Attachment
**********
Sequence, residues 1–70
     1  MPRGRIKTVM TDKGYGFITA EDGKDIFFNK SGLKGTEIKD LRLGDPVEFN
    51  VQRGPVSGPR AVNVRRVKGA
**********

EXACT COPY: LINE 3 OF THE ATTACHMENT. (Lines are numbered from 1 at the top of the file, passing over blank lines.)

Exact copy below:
    51  VQRGPVSGPR AVNVRRVKGA